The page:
It’s not just carrots that can help you see in the dark.
Leafy greens such as lettuce, spinach and kale and nitrate rich vegetables such as beetroot all lower the risk of glaucoma by nearly a third.
Glaucoma is a condition which can affect sight, usually due to build up of pressure within the eye because fluid cannot drain away.
This can damage the optic nerve and the nerve fibres from the retina.
There are four types of glaucoma which affects an estimated 500,000 Britons.
Age, being diabetic, ethnic origin and if there is a family history can cause the condition.
A new study found those who ate a nitrate rich diet had lower levels of primary open-angle glaucoma (POAG) – a rare condition which involves chronic or acute sudden painful build-up of pressure in the eye.
Increased pressure and a disruption in the flow of optic nerve blood flow have been implicated in POAG.
Previous studies suggested nitrate or nitrite, precursors for nitric oxide, is beneficial for blood circulation so scientists from Harvard Medical School looked at the link of diet and POAG.
Assistant Professor of Medicine Jae Kang said: “Elevated intraocular pressure (IOP) and impaired autoregulation of optic nerve blood flow are implicated in primary open-angle glaucoma (POAG).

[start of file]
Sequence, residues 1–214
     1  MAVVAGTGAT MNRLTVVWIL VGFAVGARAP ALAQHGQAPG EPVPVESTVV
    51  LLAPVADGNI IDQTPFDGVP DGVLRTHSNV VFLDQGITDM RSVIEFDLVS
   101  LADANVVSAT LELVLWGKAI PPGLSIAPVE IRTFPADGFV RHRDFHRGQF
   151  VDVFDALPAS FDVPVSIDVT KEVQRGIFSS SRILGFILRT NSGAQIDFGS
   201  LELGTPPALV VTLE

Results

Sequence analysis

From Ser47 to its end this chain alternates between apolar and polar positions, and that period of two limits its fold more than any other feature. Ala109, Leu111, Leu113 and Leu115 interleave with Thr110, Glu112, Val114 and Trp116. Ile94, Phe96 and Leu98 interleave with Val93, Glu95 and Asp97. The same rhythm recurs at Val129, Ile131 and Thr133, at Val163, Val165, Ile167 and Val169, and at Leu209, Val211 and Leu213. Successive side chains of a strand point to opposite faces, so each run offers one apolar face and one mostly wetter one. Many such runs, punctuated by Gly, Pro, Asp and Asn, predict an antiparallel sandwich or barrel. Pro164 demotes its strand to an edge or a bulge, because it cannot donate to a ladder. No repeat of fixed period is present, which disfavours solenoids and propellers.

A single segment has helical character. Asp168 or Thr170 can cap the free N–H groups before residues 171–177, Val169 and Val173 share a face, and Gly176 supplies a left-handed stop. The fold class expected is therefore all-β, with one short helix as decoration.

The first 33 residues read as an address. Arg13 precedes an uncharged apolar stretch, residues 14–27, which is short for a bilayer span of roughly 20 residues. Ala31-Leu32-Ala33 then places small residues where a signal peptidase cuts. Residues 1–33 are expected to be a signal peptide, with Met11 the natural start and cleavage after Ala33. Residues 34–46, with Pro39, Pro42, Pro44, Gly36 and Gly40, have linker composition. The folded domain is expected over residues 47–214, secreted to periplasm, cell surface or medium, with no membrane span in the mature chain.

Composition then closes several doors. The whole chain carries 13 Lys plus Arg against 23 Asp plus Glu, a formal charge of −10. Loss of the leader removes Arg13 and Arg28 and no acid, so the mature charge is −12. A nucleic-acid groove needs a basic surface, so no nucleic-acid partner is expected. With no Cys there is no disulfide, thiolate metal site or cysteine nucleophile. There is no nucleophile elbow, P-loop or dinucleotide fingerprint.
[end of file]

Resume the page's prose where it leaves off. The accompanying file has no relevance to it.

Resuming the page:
“Evidence suggests that nitrate or nitrite, precursors for NO, is beneficial for blood circulation.
“Although plasma nitrite levels or intake of specific vegetables have been associated with POAG, to our knowledge, dietary nitrate intake as a specific nutrient has not been evaluated.
“Therefore, we evaluated dietary nitrate and incident POAG in a longer-than-25-year prospective study of 63,893 women in the Nurses’ Health Study (NHS) and 41,094 men in the Health Professionals Follow-up Study (HPFS).
“Higher dietary nitrate and green leafy vegetable intake was associated with a lower POAG risk, particularly POAG with early paracentral VF loss at diagnosis.
“These findings could have important implications for POAG if the association of higher dietary nitrate and green leafy vegetable intake with a lower POAG risk is confirmed in observational or intervention studies.”
The study followed participants in the two studies who were over 40, free of POAG, and had results of eye examinations.
Information on diet was updated with questionnaires.
During follow-up, 1,483 incident cases of POAG were identified.
They were divided into five groups dependent upon nitrate levels in their diet.
It was found greater intake of dietary nitrate and green leafy vegetables was associated with a 20 per cent to 30 per cent lower POAG risk.
The association was particularly strong (40 per cent to 50 per cent lower risk) for POAG with early paracentral visual field loss (a subtype of POAG linked to dysfunction in blood flow autoregulation).
The study was published in JAMA Ophthalmol.
by Tony Whitfield